Amid the excitement of class photos, extracurriculars and new supplies, the back to school season can be daunting and stressful for students who find reading and math challenging. Student volunteers and interns from the Brock Learning Lab are helping local students from Grades K-12 by offering literacy and numeracy tutoring.
“We’re assisting children and adolescents who perhaps need some support outside the classroom,” said Tiffany Gallagher, a professor in the Faculty of Education and director of the Learning Lab.
The Reading Support Program and Math Support Program offer one-on-one tutoring tailored to the unique needs of each student. Both programs are more affordable than other services, making them more accessible.
The programs use evidence-based strategies and instructional methods — including games, activities and technology — to reinforce literacy and numeracy skills.
“We see students leave our program with their confidence in reading, writing or math increased where they are able to implement and use the strategies they learned,” said lab supervisor and interim administrative coordinator Paul Ferrara (BSc/BEd ’16 and MEd ’18).
Tutors conduct weekly one-hour sessions for students with support from the Learning Lab. The sessions take place during afternoons or evenings for nine-week blocks during the fall and winter as well as a six-week block during the spring.
“We assist them with lesson plans,” said Gallagher of the Brock tutors. “We have resources on-site or we bring the resources to the schools. Supervisors monitor their lessons as well as the reflections on those lessons and then plan for the next day’s lesson.”
Brock faculty and Ontario Certified Teachers who are experts in literacy and numeracy review supervise the Brock volunteers. The tutors receive training, a certificate of volunteering and the opportunity to gain teaching experience while being supported by the Learning Lab.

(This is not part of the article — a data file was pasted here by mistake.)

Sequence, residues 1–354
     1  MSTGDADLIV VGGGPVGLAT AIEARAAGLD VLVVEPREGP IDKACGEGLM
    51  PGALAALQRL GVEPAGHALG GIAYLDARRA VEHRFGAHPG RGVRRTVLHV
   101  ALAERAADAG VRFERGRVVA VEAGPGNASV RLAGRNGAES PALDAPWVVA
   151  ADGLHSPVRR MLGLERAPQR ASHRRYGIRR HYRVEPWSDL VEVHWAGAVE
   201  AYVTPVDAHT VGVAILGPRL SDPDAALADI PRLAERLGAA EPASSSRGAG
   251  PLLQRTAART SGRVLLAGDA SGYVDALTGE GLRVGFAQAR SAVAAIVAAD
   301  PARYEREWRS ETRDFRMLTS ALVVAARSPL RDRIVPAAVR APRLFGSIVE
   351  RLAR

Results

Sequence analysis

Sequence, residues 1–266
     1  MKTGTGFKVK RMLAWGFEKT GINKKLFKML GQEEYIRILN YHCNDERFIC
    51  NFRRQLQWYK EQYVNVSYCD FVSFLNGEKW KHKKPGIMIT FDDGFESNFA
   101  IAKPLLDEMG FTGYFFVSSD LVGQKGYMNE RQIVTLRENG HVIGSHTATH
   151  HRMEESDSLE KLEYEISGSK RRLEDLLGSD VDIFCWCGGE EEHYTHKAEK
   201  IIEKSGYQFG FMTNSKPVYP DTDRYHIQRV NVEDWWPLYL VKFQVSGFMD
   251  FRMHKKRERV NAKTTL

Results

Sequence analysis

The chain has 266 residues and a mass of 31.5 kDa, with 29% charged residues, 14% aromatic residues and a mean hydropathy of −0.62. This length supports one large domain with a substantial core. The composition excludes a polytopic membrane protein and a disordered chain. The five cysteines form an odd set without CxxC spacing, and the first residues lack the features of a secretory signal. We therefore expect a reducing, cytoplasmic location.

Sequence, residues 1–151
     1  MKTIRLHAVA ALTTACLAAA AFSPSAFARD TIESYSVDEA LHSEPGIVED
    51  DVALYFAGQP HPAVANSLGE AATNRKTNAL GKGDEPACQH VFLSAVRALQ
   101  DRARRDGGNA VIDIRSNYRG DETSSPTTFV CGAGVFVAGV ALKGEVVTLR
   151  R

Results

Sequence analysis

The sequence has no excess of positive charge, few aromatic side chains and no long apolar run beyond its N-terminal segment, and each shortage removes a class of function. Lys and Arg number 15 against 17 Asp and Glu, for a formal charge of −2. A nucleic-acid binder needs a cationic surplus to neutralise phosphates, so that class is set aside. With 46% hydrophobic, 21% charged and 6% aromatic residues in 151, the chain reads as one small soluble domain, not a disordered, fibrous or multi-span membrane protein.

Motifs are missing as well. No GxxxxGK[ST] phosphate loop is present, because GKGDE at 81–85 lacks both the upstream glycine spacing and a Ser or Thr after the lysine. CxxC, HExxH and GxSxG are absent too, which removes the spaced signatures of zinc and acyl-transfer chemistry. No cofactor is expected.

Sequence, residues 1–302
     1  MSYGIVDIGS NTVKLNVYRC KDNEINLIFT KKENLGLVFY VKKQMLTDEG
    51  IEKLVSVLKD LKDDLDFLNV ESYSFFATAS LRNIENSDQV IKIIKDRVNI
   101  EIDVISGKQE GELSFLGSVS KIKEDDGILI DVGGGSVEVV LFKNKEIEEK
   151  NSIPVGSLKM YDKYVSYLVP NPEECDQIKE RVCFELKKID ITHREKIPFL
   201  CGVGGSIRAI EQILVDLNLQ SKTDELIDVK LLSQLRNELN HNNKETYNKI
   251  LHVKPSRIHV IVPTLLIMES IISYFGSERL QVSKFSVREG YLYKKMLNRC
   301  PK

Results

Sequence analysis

Sydney Waddell, a second-year Concurrent Teacher Education student, said volunteering made an impact on her as a future educator while also providing her with insight into what life at the front of the classroom is like.
“I was able to work with two very different learners, which made me more adaptable with my teaching,” said Waddell.
She said one of the best things about her volunteer experience was having the ability to connect with students.
“Working one-on-one helping students gives you the chance to learn more about yourself, different learners, how to be more responsible and become more organized,” she said.
The Learning Lab also works with graduate students looking for volunteer, internship or research opportunities.
For Madeline Zoelman, a Master of Education student, her interest in researching math anxiety inspired her to get involved. Her work at the Learning Lab as a tutor, and later as an intern, led her research in new directions.
“I feel like my role was so much more than just tutoring,” said Zoelman. “The most satisfying part of my experience was that lightbulb moment when you can feel the tension in the air break and they actually understand the question or task in front of them.”
Zoelman believes the Learning Lab is playing a role in shaping future community leaders.
“Although it may simply look like a mastery of multiplication, for example, it actually means having the ability to develop a budget or feeling competent at a first job when you need to make a change,” she said. “That is the best way to give back to the community.”
Find out more about using the Literacy Centre’s programs and tutoring or internship opportunities by contacting the Learning Lab. The Learning Lab is located close to Brock’s St. Catharines campus in the Brock University Research and Innovation Centre (BRIC).